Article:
On 23 April 2008, it was reported that SES was in talks with a United States Department of Defense agency, presumably the National Reconnaissance Office (NRO) (the agency that operates satellites for the DoD), over purchasing the satellite.[11] SES has received several other bids, including one from Echostar, have been received. Most of the commercial companies were intending to use the Lunar flyby trajectory option to correct the orbital inclination of the satellite, while the U.S. DoD planned to leave the satellite in an inclined orbit.[11] SES preferred the DoD bid, as they did not want a customer to prove to insurers that the lunar flyby option would have resulted in a commercially viable service life.[11] There were some concerns over the legality of a purchase by the U.S. Government, under the 1998 Commercial Space Act.[12]

In anticipation of the U.S. Government's offer being viewed as illegal, an independent European/Asian investment group made a counteroffer to the insurers that called for a minimum upfront cash payment of US$15 million with the intention of returning the satellite to a geosynchronous orbit using the lunar flyby mission and thereafter providing commercial services. Negotiations were slow to start in spite of the alternative US$10 million purchase proposal from the U.S. Government which was 33% lower than the improved offer from the European/Asian investment group.[citation needed]

The first signs of an orbital adjustment maneuver became evident one day after SES announced it was in sales negotiations on 24 April 2008, when the satellite's perigee rose by about 56 km (35 mi) to 777 km (483 mi) along with a slight rise in apogee to 35572 km.[13] Also, for comparison, at the time inclination was 48.989°, and it had an orbital period of 638.12 minutes. As of 6 August 2008, AMC-14 orbit is vastly different. The inclination has dropped to 17.7°.[1]

As of 29 January 2009, after more than 6 months of low-thrust maneuvering, AMC-14 had finally reached an inclined (13.1°) geosynchronous orbit at 34.8° East [1][14] under U.S. DoD ownership.[15]

See also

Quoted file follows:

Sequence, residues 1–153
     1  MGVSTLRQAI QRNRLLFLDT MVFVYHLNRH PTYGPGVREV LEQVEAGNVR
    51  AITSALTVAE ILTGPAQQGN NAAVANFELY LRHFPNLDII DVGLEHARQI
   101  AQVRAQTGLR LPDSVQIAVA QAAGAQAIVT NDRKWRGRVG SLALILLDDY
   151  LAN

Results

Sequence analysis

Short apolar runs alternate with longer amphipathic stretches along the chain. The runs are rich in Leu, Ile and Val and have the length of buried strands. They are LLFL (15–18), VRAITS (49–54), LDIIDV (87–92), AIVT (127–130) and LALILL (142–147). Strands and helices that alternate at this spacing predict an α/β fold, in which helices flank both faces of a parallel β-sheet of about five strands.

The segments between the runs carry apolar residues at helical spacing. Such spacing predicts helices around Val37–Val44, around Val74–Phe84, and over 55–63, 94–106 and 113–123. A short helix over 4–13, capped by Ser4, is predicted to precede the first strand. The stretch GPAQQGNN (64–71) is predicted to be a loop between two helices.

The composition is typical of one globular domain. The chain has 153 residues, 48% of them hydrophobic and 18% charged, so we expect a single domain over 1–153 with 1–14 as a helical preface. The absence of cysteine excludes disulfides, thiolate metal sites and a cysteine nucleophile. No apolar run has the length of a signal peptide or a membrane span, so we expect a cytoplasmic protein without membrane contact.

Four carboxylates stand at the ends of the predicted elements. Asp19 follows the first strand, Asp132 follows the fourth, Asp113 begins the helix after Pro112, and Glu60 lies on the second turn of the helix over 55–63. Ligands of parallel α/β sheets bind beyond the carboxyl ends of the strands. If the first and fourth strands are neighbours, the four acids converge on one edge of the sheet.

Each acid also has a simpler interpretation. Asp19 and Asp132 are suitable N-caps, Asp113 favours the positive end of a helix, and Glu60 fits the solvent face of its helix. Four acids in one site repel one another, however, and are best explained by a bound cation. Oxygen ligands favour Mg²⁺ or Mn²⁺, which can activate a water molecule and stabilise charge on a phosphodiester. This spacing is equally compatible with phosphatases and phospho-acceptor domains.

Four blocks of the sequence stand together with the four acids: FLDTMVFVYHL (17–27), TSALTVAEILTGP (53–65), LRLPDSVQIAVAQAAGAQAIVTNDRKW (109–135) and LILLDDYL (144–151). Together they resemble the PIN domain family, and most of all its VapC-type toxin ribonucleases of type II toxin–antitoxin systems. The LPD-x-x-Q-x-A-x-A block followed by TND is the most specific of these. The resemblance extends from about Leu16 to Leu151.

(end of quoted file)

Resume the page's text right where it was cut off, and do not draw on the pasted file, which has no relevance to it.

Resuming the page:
1. ^ a b c d "AMC-14 2008-011A 32708". 5 April 2021. Retrieved 5 April 2021.
  2. ^ "AMC-14 Satellite Infornation". Heavens Above. 5 April 2021. Retrieved 5 April 2021.
  3. ^ "ILS declares Proton launch anomaly". International Launch Services. 14 March 2008. Archived from the original on 18 March 2008. Retrieved 5 April 2021.
  4. ^ "Russian Commission Determines Cause of AMC-14 Breeze M Failure". International Launch Services. 21 April 2008. Retrieved 5 April 2021.
  5. ^ "US patent 6116545". Patents. 9 April 2018. Retrieved 5 April 2021.
  6. ^ a b c d "Boeing Patent Shuts Down AMC-14 Lunar Flyby Salvage Attempt". SpaceDaily. 10 April 2008. Retrieved 5 April 2021.
  7. ^ Dickson, Glen (14 March 2008). "Dish Network Suffers Failed Satellite Launch". Broadcasting & Cable.
  8. ^ Moss, Linda (17 March 2008). "Satellite Snafu Will Delay Dish Network's HD Expansion". Multichannel News.
  9. ^ Savitz, Eric (17 March 2008). "DISH Network Satellite Launch Could Be Total Loss". Barron's.
  10. ^ Newby, Andrew (11 April 2008). "SES Americom declares AMC-14 satellite a total loss; sees US$150 mjillion payout". Thomson Financial.[dead link]
  11. ^ a b c Mansfield, Simon (23 April 2008). "SES Negotiating To Sell AMC-14 To U.S. Government Agency". SpaceDaily. Retrieved 5 April 2021.
  12. ^ H.R. 1702, The Commercial Space Act of 1997 Congressional Budget Office Public Domain This article incorporates text from this source, which is in the public domain.
  13. ^ "AMC-14 story gets more interesting". SatelliteGuys.US. Archived from the original on 27 September 2011. Retrieved 5 April 2021.
  14. ^ "Stranded satellite finally reaches geosynchronous orbit". Satellite News Digest. 29 January 2009. (subscription required)
  15. ^ "AMC 14". Gunter's Space Page. 21 July 2019. Retrieved 5 April 2021.